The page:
The best solution, Al-Thaher concluded, is not to do the merger, but rather address the gaps that exist in the juvenile law, remove the items pertaining to the children in need of care and protection and incorporate them into the child rights law.
Judge Naser As-Salamat advocated for merger stating that “since its issuance, the juvenile law suffered from legislative deficits and lack of clarity which demands legislative intervention”, considering the merger an opportunity to fix these inconsistencies.
Agreeing with him, Judge Suhair At-Toubasi stressed the importance of merging the two laws as both focus on children’s interests.
Head of the MIZAN Law Group for Human Rights Eva Halaweh also favors the merger indicating that “the law has to be comprehensive and offer enforceable items to protect children on issue such as equal rights, right to lineage, care, nationality and so forth.”
However, on the opposite side, Supreme Judge Consultant Judge Ashraf Al-Omari warned that the merger of the two laws would make the resulting law too long and consequently would prolong its endorsement, saying that “the points of convergence between the two laws does not justify the merger as there are other laws that handle child-related issues including the Personal Status Law, the Education Law and others and merging them is not possible.”
On his part, NCFA’s Acting Secretary General Mohammad Miqdady also warned that the merger would take as long as 3 years which would make all the time and effort put in the preparation of this law go to waste.
Head of the Legislation Development Unit at NCFA Naela As-Sarayreh gave a briefing on the proposed draft law. Key pillars of the law, Sarayreh indicated, focus on civil rights including the right to registration, nationality and care; health-related rights including the right to recreational activities, sports and arts; the rights of children with disabilities; the right to protection against all forms of violence and abuse; the rights of children in emergency situations; and the rights of children in conflict with the law.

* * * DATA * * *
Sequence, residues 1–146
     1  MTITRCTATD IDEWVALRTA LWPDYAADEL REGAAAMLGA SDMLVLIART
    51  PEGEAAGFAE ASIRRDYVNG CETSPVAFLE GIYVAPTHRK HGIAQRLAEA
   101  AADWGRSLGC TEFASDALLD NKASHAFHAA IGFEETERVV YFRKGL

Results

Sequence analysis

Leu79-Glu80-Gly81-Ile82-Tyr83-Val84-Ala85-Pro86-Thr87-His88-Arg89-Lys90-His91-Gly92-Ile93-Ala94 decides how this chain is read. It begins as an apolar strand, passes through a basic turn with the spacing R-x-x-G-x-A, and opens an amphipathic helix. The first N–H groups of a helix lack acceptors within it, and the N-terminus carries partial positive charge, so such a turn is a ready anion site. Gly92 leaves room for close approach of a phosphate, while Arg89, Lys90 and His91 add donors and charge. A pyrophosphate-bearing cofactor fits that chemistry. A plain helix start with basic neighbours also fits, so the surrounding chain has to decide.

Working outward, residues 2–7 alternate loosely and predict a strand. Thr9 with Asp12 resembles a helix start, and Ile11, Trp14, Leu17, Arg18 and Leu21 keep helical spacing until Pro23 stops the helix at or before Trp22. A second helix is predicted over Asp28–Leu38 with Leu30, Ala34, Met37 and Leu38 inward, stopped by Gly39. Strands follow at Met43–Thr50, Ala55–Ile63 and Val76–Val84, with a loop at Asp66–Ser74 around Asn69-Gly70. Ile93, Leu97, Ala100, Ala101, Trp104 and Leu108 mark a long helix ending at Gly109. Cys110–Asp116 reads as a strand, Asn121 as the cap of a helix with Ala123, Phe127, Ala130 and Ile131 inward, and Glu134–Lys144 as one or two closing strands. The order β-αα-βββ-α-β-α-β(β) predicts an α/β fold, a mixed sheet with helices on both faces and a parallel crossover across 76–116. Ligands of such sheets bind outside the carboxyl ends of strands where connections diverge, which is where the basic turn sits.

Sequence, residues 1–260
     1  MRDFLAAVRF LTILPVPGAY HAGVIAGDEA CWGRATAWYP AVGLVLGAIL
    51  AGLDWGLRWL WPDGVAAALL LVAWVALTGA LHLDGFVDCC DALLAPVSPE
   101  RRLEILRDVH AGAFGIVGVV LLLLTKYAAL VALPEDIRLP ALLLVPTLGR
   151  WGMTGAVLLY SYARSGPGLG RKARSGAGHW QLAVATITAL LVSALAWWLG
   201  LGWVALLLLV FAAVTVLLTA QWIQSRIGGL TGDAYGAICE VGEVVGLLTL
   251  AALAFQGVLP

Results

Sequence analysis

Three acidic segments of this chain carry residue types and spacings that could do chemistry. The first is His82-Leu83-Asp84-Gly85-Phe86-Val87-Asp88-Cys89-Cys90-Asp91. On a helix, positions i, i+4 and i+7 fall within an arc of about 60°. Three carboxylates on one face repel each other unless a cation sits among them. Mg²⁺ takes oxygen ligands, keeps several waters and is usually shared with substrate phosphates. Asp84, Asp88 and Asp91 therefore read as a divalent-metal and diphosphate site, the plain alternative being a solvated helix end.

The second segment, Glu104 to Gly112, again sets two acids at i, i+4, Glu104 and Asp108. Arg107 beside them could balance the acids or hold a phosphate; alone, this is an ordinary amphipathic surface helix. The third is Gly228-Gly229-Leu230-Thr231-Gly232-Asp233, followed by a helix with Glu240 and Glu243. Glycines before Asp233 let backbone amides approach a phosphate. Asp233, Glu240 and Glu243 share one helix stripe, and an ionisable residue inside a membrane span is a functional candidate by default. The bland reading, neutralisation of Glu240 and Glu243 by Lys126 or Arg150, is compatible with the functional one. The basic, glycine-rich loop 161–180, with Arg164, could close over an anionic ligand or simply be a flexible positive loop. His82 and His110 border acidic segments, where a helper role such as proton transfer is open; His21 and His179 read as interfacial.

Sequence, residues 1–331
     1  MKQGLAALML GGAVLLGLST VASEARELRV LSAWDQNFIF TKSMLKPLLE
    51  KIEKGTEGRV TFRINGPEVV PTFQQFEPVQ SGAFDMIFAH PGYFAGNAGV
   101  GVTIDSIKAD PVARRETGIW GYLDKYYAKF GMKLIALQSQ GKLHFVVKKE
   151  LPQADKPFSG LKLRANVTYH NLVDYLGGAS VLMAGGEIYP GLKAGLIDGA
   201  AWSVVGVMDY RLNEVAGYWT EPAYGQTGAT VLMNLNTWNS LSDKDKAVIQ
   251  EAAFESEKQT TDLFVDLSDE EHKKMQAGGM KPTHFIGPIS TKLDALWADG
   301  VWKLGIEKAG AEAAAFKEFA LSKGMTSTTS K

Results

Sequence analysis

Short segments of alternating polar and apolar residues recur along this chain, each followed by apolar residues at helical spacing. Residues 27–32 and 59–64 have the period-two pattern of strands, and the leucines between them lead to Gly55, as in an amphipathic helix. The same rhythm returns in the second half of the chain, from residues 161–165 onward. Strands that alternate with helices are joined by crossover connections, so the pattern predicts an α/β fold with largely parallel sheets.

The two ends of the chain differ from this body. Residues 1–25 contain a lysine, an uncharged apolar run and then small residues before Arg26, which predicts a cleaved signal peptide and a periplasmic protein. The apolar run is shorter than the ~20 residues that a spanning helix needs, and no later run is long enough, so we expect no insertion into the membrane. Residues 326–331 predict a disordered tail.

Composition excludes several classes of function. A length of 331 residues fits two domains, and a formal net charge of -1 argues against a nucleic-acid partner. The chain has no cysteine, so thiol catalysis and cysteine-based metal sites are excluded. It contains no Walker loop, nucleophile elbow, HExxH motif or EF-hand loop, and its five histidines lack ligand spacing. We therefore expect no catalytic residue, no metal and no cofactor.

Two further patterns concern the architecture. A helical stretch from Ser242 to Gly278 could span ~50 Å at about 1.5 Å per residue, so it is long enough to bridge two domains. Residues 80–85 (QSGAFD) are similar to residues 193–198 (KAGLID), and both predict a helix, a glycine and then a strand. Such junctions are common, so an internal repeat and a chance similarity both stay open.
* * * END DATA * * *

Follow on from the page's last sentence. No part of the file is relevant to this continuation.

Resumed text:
Sarayreh also explained that the legal grounds for the enactment of the law are the principles of equality and non-discrimination against the child; realization of the best interests of the child; and realization of the rights of the child to life, water, safety and welfare, enjoyment of preventive measures of a social, educational and health-related nature, social care and education.
UNICEF Representative in Jordan Robert Jenkins commented on this matter saying that “The International Committee on the Rights of the Child has urged Jordan to enact a comprehensive national law for child rights”, noting that the draft law is the fruit of years of preparation to ensure the inclusion of all rights in a comprehensive law that protects children.
Jenkins added that “the endorsement of the bill will transform theoretical principles into a binding legal document”, underlining that the law will address imbalances in some of the laws that do not observe the best interests of the child and will also modify some negative social norms that affect children including disciplinary beating or marriage